Trudi Canavan, Thief’s Magic, Book One of Millenium’s Rule, Orbit, London, 2014, 978-0-356501-10-9
As with many of Trudi Canavan’s earlier books like The Black Magician trilogy and The Age of the Five trilogy, I really enjoyed reading her new novel Thief’s Magic, book one of Millennium’s Rule.
The story, or rather stories, for there are two of them, were gripping. The interweaving of the two is cleverly done, with the author taking her time to establish the characters and the context in the beginning, only to leave the reader with a cliff-hanger when she shifts to the other story. As the stories progress, shifting from one to another becomes more frequent, but never too hastily that the reader doesn’t have the time to plunge into the action. The familiar wish to continue with one of the stories to the detriment of the other did not occur here as both stories, one with a female main character, Rielle, and the other with a male one, Tyen, are well balanced and of equal interest.
I did find myself continually wondering when and how the two main characters would meet, seeing as they lived in quite different worlds, and was surprised, but not upset, that their two paths had not crossed by the end of this first book of the series. There was no shortage of possible clues that a meeting would eventually take place, but that meeting will be quite a narrative challenge. How will the author manage the shift from two very strong but unrelated perspectives to a situation where both meet and interact?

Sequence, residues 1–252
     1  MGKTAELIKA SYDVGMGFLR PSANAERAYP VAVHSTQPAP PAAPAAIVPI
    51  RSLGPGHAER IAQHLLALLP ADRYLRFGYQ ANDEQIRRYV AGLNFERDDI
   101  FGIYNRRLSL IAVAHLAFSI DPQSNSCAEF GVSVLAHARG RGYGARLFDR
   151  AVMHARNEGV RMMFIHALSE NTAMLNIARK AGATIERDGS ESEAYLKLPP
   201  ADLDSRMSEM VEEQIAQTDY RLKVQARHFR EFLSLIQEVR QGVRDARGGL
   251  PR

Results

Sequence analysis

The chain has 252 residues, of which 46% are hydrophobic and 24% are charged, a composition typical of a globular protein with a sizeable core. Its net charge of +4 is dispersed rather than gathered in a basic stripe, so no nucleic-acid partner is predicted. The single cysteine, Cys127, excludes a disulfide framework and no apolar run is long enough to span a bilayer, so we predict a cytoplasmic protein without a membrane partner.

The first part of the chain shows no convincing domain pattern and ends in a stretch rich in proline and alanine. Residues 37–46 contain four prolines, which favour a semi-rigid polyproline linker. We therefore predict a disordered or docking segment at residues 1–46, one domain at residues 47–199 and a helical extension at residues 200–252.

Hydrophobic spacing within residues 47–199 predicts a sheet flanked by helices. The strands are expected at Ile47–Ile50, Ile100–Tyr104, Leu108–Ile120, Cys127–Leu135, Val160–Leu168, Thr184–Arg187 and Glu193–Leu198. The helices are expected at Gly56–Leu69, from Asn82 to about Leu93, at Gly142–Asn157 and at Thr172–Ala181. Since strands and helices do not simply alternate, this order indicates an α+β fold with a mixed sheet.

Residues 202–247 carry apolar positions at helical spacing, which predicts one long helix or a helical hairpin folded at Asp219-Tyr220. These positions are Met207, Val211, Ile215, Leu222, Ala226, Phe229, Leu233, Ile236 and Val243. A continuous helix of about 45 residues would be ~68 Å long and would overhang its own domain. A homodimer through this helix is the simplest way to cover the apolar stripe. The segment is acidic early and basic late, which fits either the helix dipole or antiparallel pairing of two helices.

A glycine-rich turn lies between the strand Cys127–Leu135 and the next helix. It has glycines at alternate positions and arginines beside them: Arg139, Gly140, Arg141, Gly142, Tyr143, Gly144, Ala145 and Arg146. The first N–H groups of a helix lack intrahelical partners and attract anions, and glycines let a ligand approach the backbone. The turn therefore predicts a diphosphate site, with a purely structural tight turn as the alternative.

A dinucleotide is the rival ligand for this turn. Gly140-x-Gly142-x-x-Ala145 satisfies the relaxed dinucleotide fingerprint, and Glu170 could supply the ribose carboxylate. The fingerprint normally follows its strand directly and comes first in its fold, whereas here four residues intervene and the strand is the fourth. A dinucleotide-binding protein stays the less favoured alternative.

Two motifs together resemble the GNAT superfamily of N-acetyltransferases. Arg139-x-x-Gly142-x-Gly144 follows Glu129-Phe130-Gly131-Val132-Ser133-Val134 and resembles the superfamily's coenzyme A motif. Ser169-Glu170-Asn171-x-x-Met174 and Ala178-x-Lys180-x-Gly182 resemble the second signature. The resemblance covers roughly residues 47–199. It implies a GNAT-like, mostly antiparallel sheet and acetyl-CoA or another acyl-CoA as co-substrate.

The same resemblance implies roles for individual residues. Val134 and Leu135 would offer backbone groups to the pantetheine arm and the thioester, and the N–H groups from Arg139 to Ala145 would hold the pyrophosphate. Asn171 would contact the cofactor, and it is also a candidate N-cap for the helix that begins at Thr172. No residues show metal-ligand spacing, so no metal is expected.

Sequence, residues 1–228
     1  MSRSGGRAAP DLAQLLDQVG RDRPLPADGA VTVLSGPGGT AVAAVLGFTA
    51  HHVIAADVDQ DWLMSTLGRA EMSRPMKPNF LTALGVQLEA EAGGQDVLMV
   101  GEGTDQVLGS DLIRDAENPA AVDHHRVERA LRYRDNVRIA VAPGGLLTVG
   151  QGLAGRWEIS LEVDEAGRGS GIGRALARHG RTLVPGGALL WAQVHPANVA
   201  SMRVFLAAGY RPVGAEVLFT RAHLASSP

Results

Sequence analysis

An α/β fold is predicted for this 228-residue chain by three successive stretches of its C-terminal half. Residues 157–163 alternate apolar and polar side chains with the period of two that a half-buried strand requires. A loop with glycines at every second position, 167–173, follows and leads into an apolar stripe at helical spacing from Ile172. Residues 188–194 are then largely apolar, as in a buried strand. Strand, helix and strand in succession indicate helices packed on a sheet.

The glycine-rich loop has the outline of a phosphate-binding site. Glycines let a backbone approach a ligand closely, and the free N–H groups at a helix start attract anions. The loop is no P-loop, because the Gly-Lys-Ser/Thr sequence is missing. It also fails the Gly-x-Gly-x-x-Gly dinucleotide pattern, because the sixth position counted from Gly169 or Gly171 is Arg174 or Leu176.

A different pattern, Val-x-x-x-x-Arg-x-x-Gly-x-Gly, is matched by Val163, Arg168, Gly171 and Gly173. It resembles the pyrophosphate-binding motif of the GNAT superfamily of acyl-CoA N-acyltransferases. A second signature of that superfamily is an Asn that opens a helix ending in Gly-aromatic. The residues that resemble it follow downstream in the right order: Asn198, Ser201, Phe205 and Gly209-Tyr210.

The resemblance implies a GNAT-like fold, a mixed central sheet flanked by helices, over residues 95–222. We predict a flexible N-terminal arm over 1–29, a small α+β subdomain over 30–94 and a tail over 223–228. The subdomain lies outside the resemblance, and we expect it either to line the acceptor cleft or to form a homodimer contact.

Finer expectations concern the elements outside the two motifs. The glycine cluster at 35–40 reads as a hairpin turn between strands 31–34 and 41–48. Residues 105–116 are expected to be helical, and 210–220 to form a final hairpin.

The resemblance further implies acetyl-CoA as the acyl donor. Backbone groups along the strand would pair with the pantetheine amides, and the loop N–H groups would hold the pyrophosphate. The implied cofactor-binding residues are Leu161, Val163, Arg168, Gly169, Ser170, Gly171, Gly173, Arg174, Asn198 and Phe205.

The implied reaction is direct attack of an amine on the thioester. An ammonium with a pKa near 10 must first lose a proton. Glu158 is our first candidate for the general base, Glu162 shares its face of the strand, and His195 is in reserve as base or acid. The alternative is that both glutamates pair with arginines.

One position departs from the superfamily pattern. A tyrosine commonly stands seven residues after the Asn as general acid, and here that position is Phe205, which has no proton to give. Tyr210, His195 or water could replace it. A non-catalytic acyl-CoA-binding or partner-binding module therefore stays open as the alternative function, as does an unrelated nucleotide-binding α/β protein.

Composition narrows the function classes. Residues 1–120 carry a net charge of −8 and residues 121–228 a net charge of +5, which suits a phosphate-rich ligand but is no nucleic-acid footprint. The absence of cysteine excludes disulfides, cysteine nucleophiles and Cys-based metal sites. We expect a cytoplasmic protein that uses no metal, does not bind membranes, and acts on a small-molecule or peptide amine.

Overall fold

Sustaining the reader’s interest while switching between stories when those stories are apparently unconnected is a real achievement. Unconnected? Well they do handle a similar theme: the nature of magic and its role in society, in particular with relationship to women. As with her earlier books, a great deal of thinking must have gone into the workings of the societies in which her story takes place that makes it all the more credible and engrossing.
As a writer, one of the interesting aspects of Trudi Canavan’s work in this novel is the way she provides insight into characters by subtly revealing the reactions of one to another, like Tyen noticing a twitching muscle in the professor’s face that he takes to be an indication of envy; a perception to be seen in terms of Tyen’s changing view of his professor. With only a few words, like a finger of light probing the page, a whole vista opens up to the reader as deeper layers of the characters are made apparent through their interactions with each other. That depth brings the characters alive and contributes to our delight as we read on.
Perhaps the greatest appeal of Thief’s Magic for me is that it echoes my own preoccupations as an author: the development of the knowledge and abilities of a young, apparently ordinary person into someone quite exceptional despite adverse circumstances and the disbelief if not opposition of those around him or her.